It all finally made sense to me. The current education system was designed for a bygone era. What we were doing to these children wasn’t going to help them thrive in the future. I ended my career as a public school teacher and set out on a new path to find alternative education models for my own daughter. Since 2009 I have been a staff member and resident artist at Sunset Sudbury School in Davie, FL.

Sudbury was conceived on a democratic model where students create their own community and system of rules. Do It Yourself School! At Sudbury schools, students are encouraged to use their natural thirst for knowledge, to explore the world, and to learn how to communicate with honesty and fearlessness. Curriculum is not proscribed, so students set their own goals and manage their own schedule without intervention or coercion by others. Much like in real life, students are responsible for their day – choosing the subject matter, the place, and the time for their pursuits. The students themselves, not the teachers, determine whether they wish to work on their own, in a small group, or in a structured class setting. Because they are free to choose what interests them, students quickly become experts in locating and processing information.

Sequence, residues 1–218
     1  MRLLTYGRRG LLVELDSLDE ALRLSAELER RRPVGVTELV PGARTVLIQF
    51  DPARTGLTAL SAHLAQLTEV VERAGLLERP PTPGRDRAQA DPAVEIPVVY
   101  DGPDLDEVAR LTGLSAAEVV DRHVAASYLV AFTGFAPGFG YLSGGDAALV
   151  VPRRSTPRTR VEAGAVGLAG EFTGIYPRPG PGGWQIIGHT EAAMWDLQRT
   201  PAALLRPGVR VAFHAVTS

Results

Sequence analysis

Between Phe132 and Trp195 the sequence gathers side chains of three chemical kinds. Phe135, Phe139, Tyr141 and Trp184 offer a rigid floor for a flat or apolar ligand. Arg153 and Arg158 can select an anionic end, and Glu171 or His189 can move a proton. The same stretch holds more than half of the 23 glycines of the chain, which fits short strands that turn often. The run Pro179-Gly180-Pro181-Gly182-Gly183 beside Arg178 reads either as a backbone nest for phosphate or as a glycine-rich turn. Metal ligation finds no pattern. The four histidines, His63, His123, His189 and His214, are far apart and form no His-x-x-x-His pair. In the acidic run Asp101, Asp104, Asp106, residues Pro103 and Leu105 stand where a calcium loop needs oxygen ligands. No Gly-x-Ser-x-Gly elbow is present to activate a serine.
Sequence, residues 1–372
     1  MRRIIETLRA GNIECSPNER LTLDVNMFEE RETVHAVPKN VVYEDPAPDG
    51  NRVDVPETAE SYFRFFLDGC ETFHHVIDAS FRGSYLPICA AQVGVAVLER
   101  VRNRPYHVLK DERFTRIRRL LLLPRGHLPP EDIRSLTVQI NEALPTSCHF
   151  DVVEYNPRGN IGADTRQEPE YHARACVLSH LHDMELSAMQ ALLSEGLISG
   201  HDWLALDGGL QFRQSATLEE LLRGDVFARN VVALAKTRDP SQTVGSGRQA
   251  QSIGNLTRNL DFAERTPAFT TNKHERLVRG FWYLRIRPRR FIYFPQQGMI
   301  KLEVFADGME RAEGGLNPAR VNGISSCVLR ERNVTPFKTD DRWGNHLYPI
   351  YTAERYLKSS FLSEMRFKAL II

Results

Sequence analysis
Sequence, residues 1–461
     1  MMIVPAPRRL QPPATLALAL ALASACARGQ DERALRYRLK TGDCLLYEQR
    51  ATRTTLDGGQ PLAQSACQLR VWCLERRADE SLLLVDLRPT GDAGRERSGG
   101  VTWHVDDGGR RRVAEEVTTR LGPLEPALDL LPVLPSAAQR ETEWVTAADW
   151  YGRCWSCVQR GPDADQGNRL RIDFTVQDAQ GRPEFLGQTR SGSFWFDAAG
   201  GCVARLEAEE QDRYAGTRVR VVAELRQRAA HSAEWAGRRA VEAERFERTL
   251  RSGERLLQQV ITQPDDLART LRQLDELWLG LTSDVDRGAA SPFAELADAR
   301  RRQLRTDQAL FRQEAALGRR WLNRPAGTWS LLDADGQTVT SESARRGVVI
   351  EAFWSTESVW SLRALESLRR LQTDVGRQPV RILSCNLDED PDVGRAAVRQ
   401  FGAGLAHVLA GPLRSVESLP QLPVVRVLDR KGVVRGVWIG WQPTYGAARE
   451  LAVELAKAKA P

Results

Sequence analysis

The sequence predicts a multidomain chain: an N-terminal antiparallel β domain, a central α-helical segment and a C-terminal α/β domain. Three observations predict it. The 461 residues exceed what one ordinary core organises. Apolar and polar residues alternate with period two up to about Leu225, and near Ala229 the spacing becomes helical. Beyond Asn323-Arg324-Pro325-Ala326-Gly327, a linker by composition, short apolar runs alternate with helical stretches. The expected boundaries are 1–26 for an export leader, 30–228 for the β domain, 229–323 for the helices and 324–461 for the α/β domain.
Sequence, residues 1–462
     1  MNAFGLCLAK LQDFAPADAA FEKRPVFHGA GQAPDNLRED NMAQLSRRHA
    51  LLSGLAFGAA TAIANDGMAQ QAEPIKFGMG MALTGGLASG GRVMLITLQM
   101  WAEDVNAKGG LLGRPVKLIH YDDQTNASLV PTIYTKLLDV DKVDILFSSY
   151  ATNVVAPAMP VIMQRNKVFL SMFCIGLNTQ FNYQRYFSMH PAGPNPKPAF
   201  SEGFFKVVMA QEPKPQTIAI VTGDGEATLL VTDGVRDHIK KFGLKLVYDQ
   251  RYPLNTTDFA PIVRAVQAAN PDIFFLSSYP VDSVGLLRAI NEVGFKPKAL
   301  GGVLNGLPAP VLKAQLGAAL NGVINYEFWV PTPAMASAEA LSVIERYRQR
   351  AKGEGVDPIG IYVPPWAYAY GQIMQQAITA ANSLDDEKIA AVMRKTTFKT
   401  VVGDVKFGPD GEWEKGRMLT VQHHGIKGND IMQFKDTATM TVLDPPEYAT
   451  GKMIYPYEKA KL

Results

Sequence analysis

In this democratic environment, students are able to develop characteristics that are key to achieving success in the Knowledge Age. They are curious and enjoy learning new things, confident enough to rely on their own judgment, and capable of pursuing their passions to a high level of competence.